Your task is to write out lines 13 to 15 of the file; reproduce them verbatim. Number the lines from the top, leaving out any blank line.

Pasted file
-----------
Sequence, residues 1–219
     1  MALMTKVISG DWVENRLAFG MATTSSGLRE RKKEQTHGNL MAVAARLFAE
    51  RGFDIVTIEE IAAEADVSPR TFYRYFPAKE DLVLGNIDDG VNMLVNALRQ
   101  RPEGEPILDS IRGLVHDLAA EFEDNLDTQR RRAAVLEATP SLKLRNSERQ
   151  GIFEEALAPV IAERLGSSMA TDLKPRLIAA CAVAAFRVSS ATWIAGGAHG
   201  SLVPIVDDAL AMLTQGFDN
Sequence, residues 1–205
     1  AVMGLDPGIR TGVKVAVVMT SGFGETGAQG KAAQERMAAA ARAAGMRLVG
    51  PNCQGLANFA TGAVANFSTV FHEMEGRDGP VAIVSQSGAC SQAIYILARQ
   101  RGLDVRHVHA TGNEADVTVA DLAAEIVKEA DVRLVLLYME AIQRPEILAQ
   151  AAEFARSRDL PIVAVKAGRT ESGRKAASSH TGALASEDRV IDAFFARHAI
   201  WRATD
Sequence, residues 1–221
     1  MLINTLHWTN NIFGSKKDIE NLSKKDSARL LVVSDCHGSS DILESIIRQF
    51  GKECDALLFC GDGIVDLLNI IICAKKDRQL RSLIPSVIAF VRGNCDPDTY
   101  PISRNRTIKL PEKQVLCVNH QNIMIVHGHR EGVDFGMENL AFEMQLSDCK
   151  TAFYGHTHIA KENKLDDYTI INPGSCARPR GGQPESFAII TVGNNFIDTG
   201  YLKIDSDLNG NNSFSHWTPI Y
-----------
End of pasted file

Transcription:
Sequence, residues 1–221
     1  MLINTLHWTN NIFGSKKDIE NLSKKDSARL LVVSDCHGSS DILESIIRQF
    51  GKECDALLFC GDGIVDLLNI IICAKKDRQL RSLIPSVIAF VRGNCDPDTY